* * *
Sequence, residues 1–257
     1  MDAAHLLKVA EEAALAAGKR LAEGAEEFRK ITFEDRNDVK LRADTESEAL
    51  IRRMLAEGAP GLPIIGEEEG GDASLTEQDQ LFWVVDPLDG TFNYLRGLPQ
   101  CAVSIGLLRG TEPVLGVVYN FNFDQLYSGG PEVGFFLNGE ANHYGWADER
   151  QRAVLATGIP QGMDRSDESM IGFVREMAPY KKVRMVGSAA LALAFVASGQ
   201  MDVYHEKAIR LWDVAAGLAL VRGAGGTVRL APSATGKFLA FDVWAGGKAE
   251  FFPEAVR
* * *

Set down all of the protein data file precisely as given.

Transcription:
Sequence, residues 1–257
     1  MDAAHLLKVA EEAALAAGKR LAEGAEEFRK ITFEDRNDVK LRADTESEAL
    51  IRRMLAEGAP GLPIIGEEEG GDASLTEQDQ LFWVVDPLDG TFNYLRGLPQ
   101  CAVSIGLLRG TEPVLGVVYN FNFDQLYSGG PEVGFFLNGE ANHYGWADER
   151  QRAVLATGIP QGMDRSDESM IGFVREMAPY KKVRMVGSAA LALAFVASGQ
   201  MDVYHEKAIR LWDVAAGLAL VRGAGGTVRL APSATGKFLA FDVWAGGKAE
   251  FFPEAVR